Women are an occupied country. Elizabeth (Glenda Jackson) is the bored wife of a successful English pulp writer Lewis Fielding (Michael Caine) who is currently suffering from writer’s block. She leaves him and their son David (Marcus Richardson) and runs away to the German spa town of Baden-Baden. There she meets Thomas (Helmut Berger), who claims to be a poet but who is actually a petty thief, conman, drug courier and gigolo. Though the two are briefly attracted to each other, she returns home. He, hunted by gangsters headed by Swan (Mich[a]el Lonsdale) for a drug consignment he has lost, follows her to England. Lewis, highly suspicious of his wife, invites the young man to stay with them and act as his secretary. Lewis embarks on writing a screenplay for German film producer Herman (Rene Kolldehoff) – a penetrating psychological story about The New Woman. Initially resenting the presence of the handsome stranger now installed in their home as her husband’s amanuensis and carrying on with the nanny Isabel (Béatrice Romand), Elizabeth starts an affair with him and the two run away with no money to Monaco and the South of France. Lewis follows them, while he in turn is followed by the gangsters looking for Thomas… It’s about this ungrateful woman who is married to this man of great charm, brilliance, and integrity. She thinks he won’t let her be herself, and she feels stuck in a straitjacket when she ought to be out and about and taking the waters and finding herself. With a cast like that, this had me at Hello. Director Joseph Losey’s customarily cool eye is lent a glint in Tom Stoppard’s adaptation of Thomas Wiseman’s novel (with the screenplay co-written by the author) in a work that teeters on the edges of satire. A house bristling with tension is meat and drink to both Stoppard and Losey, whose best films concern the malign effects of an interloper introducing instability into a home.  It’s engineered to produce some uncanny results – as it appears that Lewis the novelist is capable of real-life plotting and we are left wondering if Elizabeth’s affair has occurred at all or whether it might be him working out a story. Perhaps it’s his jealous fantasy or it might be his elaborate fictionalising of reality. Invariably there are resonances of Alain Resnais’ Last Year at Marienbad but it’s far funnier. Like that film, it’s something of an intellectual game with a mystery at its centre. Aren’t you sick of these foreign films? Viewed as a pure exploration of writerly paranoia as well as the marital comedy intended by the novel, it’s a hall of mirrors exercise also reminiscent of another instance of the era’s art house modernism, The French Lieutenant’s Woman.  The flashback/fantasy elevator sequence that is Lewis’ might also belong to Elizabeth. You might enjoy the moment when Thomas mistakes Lewis for the other Fielding (Henry) but he still hangs in there without embarrassment and seduces all around him. Or when Lewis suggests to his producer that he make a thriller rather than the more subtle study he’s suggesting – and then you realise that’s what this British-French co-production becomes. It’s richly ironic – Lewis and Elizabeth have such a vigorously happy marriage a neighbour (Tom Chatto) interrupts a bout of al fresco lovemaking but none of them seems remotely surprised, as if this is a regular occurrence. And any film that has Lonsdale introduce himself as the Irish Minister for Sport has a sense of humour. If it seems inconsistent there is compensation in the beauty of the performances (particularly Jackson’s, which is charming, warm and funny – All she wanted was everything!) and the gorgeous settings, with a very fine score by Richard Hartley. The elegance, precision and self-referentiality make this a must for Losey fans. It was probably a tricky shoot – Jackson and Berger couldn’t stand each other, allegedly. And Caine placed a bet that he could make the director smile by the end of the shoot. He lost. Wiseman commemorated his experience with Losey in his novel Genius Jack. It’s not kind. This, however, is a sly treat you don’t want to miss. You are a novelist, an imaginer of fiction.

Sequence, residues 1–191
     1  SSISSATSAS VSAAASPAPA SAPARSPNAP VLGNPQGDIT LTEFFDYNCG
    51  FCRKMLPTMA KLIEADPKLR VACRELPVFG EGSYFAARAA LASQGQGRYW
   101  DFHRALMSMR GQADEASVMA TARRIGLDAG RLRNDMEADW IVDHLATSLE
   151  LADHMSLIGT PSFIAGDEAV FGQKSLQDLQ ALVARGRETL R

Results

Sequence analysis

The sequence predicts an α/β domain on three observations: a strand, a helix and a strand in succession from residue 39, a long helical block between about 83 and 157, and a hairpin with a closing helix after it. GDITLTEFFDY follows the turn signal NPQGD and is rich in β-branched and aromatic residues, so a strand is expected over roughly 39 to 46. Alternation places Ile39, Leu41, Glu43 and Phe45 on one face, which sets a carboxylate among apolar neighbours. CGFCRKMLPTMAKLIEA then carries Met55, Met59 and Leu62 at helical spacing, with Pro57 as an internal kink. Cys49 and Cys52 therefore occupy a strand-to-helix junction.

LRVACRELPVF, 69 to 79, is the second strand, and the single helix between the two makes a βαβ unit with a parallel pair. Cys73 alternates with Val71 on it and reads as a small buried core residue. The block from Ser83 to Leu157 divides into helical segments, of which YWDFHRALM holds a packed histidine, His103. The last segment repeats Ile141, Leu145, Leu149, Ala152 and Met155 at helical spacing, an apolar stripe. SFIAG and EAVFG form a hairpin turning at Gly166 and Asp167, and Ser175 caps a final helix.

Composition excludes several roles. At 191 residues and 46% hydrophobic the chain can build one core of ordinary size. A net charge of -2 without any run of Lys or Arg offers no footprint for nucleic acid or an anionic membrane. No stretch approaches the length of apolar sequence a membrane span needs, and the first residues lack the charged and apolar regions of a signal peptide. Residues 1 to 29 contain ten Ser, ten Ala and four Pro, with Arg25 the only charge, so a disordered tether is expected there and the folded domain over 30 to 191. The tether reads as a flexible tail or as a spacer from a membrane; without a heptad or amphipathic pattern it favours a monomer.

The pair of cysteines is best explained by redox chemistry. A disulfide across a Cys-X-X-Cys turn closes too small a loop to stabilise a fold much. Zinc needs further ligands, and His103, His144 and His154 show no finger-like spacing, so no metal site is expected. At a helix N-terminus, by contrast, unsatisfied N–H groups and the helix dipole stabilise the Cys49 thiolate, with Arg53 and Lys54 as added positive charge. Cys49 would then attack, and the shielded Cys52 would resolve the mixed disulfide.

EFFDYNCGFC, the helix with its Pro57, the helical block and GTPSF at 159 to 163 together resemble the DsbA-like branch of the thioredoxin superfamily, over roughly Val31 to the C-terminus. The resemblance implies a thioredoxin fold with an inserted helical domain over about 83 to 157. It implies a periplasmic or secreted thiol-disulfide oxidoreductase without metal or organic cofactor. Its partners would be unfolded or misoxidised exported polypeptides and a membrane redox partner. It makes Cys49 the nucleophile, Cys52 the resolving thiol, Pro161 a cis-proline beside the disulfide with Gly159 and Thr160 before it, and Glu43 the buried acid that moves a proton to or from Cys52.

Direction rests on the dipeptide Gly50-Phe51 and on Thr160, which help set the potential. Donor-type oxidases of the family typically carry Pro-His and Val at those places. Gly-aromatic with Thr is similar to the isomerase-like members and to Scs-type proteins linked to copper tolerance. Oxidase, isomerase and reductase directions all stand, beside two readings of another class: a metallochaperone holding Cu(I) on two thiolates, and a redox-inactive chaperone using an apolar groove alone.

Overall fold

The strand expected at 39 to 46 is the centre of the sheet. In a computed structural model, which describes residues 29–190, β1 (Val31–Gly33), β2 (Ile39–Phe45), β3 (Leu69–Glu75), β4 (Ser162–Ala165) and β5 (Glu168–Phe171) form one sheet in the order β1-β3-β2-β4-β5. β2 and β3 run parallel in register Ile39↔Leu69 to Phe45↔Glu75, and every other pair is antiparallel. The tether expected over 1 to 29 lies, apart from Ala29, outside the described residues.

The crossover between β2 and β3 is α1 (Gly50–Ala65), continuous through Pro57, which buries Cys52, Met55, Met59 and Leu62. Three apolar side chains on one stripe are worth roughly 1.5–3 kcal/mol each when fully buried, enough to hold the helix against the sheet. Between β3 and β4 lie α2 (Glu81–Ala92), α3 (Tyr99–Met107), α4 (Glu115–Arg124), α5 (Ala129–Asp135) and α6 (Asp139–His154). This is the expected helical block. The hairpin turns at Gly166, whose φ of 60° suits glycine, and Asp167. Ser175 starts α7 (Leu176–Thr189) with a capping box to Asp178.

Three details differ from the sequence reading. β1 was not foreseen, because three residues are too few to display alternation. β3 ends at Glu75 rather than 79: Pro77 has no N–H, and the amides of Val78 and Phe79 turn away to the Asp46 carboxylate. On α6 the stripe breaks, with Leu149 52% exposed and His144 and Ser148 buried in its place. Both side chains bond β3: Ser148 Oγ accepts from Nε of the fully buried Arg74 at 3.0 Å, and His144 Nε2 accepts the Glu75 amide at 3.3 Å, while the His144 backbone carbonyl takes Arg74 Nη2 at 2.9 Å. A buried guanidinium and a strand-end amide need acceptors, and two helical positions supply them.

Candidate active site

I Was a Male War Bride (1949)

I Was a Male War Bride theatrical